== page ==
I am such a sucker for a good memoir and there are so many great ones coming your way in 2020. From murder, religion, sex, drugs, family, stories of loss, love, redemption and overcoming all types of obstacles, this list will take care of all the emotions. We’re sure you’ll find a read to love in our unique list of most anticipated memoirs of 2020.
One Hundred Daffodils: Finding Beauty, Grace, and Meaning When Things Fall Apart by Rebecca Winn
When Rebecca’s husband of 25 years asks for a divorce, she is fearful, hopeless and full of dread, afraid she may never know what it is to be known by another person. But then she realizes she must know herself first. A love affair with a younger man, studying Jungian psychology and diving deep into spiritual practices, Rebecca turns heartbreak into something whole, and through her transformation, she begins to see others with an ‘open heart.’
The Heart and Other Monsters: A Memoir by Rose Andersen
When Rose’s sister dies from an overdose she sets out to step into Sarah’s life to discover why. She revisits her dysfunctional childhood, which was accented by their stepfather’s rage, and discovers her sister overdosed on methamphetamine. Through grief and anger, Rose’s story is intensely personal as she focuses on what needs to be done in order to move on.
Wiving: A Memoir of Loving then Leaving the Patriarchy by Caitlin Myer
When Caitlin Myer was 36, she lost her mother and had a hysterectomy, jolting her into the realization that she must look into the past in order to move forward. From a Mormon upbringing and early sexual trauma to escaping her religion, she has had a lifelong battle. Intersecting religion, sex, trauma, love and mental illness, this is a story about removing old myths and building new truths.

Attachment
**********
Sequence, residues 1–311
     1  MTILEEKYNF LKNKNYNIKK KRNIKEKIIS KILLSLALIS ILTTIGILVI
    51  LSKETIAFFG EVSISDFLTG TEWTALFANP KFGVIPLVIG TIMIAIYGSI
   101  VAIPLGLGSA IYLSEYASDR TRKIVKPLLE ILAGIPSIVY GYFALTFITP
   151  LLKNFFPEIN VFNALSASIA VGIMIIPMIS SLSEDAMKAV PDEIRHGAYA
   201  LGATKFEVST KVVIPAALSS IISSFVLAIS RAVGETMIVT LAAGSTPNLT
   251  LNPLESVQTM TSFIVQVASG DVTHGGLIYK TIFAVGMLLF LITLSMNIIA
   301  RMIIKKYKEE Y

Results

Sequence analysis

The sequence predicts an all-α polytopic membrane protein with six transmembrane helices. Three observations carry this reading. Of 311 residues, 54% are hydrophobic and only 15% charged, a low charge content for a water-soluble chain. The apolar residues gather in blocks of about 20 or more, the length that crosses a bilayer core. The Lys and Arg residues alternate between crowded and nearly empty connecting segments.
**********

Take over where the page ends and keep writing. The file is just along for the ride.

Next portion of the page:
Finding Venerable Mother: A Daughter’s Spiritual Quest to Thailand by Cindy Rasicot
When Cindy moves to Thailand with her husband and son, she feels adrift in a foreign culture. On an impulse she signs up for a conference where she meets Venerable Dhammananda Bhikkhuni, a Thai Buddhist nun, who leads her on a spiritual journey from which there is no turning back. As the journey progresses, Cindy heals physically, emotionally and spiritually. In these uncertain times, this compelling memoir reminds readers that when we go forward with a truly open heart, faith, forgiveness and love are all possible.
Home Baked: My Mom, Marijuana, and the Stoning of San Francisco by Alia Volz
In the ‘70s, when author Alia Volz was tucked into her stroller, her mother ran Sticky Fingers Brownies, an underground bakery that delivered more than 10,000 marijuana edibles to customers each month. Home Baked is the story of the illegal ‘bakery’ business that went on to distribute medical marijuana to those in need during the AIDS epidemic.
The Book of Rosy: A Mother’s Story of Separation at the Border by Rosayra Pablo Cruz and Julie Schwietert Collazo
When Rosy took two of her children across the border, the “zero tolerance” policy tore the family apart. A story of unbreakable bonds, The Book of Rosy is about inhumane policies and a family struggling to keep their faith during the darkest of times.
Welcome to Wherever We Are: A Memoir of Family, Caregiving, and Redemption by Deborah J. Cohan